If you had only a relatively short time to live,
what would you want to do in your remaining time? Complete that Elvis paint-by-numbers portrait? Binge-watch The Sopranos
one more time?
Perhaps, but none of those are the choices the two principals make in 33 Variations, now at the Beck Center. Written by Moises Kaufman, this play jumps centuries as it tracks two dying people: Ludwig van Beethoven and the fictional American musicologist, Dr. Katherine Brandt.
The premise of the play is intriguing, as these two very different people pursue compulsions that defy logic and upset their respective friends and contemporaries. But a frequently limp and bloated script and some off-kilter performances undermine what could have been an involving intellectual exercise.
Katherine has been diagnosed with ALS, the horrifying degenerative disease. Beset with relationship troubles with her twenty-something daughter Clara, Katherine chooses to spend her waning days looking for an answer to an obscure question: Why did Beethoven devote his own final years to writing 33 variations of a mediocre waltz penned by the music publisher Anton Diabelli?
Her present-day investigation, much of which happens in Bonn, Germany, is intercut with moments from Beethoven's waning life in the early 19th century. The composer, who is going blind and has many ailments, blusters and bellows while he obsesses over these curious compositions.
The script by Kaufman is at once too clever for its own good and not clever enough. Composed of 33 scenes (get it?), the play spends more time than necessary tracing the rather mundane mother-daughter conflicts in the Brandt family. (Mom thinks Clara changes jobs too frequently! Gasp!)
Add to that a mutual attraction shared by Clara and Mike, a hospital nurse she meets when accompanying mom to her ALS check-ups. Trouble is, neither Clara nor Mike is all that interesting and their hesitant, halting romance seems lifted from a 1950s' "what to do on a date" instructional video.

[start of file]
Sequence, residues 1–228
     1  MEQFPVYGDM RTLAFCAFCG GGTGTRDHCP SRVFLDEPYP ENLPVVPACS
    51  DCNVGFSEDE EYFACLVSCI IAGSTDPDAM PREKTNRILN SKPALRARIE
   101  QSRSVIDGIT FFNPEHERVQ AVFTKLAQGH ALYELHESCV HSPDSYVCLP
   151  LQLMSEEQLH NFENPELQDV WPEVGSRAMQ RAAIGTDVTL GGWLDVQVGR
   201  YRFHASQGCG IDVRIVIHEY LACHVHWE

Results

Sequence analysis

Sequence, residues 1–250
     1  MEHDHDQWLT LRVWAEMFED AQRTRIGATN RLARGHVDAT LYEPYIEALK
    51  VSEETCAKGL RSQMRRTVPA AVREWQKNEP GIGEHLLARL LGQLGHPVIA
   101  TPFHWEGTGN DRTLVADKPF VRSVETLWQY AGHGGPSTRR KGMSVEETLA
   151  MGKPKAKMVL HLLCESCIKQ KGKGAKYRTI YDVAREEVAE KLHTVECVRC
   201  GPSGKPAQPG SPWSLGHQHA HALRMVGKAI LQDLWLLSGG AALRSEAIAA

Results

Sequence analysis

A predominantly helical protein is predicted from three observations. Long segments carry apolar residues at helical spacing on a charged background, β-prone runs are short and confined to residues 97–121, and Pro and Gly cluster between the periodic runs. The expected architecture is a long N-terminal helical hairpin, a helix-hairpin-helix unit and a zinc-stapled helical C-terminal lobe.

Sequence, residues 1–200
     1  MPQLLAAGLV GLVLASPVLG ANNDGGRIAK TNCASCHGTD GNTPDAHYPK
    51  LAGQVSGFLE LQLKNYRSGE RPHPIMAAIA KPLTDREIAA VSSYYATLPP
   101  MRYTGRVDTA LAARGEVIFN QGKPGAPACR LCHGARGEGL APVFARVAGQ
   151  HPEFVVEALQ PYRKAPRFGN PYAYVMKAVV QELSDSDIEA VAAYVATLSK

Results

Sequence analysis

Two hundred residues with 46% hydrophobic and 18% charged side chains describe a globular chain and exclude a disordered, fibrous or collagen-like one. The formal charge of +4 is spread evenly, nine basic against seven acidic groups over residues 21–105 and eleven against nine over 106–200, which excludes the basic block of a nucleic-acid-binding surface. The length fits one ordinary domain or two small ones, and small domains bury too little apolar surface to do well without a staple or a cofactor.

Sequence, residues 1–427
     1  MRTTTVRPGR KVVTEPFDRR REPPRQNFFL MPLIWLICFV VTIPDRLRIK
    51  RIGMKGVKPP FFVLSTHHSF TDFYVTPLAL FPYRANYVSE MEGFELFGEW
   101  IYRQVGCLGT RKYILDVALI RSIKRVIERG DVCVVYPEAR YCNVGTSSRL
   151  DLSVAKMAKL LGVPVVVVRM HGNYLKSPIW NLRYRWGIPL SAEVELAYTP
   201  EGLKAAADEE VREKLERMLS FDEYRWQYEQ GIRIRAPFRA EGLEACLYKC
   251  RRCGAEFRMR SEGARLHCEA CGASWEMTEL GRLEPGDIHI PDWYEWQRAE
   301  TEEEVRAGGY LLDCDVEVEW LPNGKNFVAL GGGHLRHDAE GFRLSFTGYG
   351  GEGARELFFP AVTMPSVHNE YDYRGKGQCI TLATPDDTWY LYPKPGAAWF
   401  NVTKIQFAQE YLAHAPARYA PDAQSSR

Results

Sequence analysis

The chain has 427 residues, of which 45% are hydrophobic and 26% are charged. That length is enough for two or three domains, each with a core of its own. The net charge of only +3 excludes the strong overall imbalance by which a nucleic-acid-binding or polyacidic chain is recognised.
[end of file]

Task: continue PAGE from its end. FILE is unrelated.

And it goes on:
The Beethoven scenes have more bite and benefit from the fact that they're talking about things that matter, such as Beethoven's compositions and work process. As Beethoven, a bloviating Dana Hart bullies his friend and assistant played with amusing forbearance by Trey Gilpin. And a nicely modulated Brian Pedaci adds some grace notes as Diabelli.
The other performances, however, are not entirely on key. In the demanding role of Katherine, Maryann Nagel conveys her character's ever-worsening physical plight with apparent accuracy and compassion.
But we never quite feel the depth of Katherine's monomania for unearthing the answer to the Diabelli Variations conundrum. Indeed, as she plows through documents in the German museum, aided by a German musicologist (played ably by Mary Alice Beck), it often seems like Katherine is dutifully completing a mundane research assignment, not pursuing her Holy Grail.
Kaufman brings out some interesting factoids about Beethoven's composing style, including how researchers use ultraviolet light to detect various drafts of a particular piece. But these pinpoints of insight are few and far between.
Meanwhile, more time is wasted with the subplot involving Clara and Mike. While he has some nice flashes of endearing awkwardness, Matt O'Shea's Mike is not nearly endearing enough. And Debbie Keppler, as Clara, delivers her lines with a tone-deaf hollowness that sounds more like a cold reading than a performance.
Director Sarah May, a pro with immense theatrical talents, here seems flummoxed by the material. Many of the present-day scenes play too slowly, perhaps trying to achieve a spot-on enactment of how ALS actually affects its victims. But this verisimilitude is obtained at the cost of making the show more ponderous than it need be.
Fortunately, there are many snatches of Beethoven's work, played by pianist Stuart Raleigh. These brief bursts of music, short as they are, capture the elusive magic that this 2½ hour (with intermission) production is unfortunately unable to fully grasp.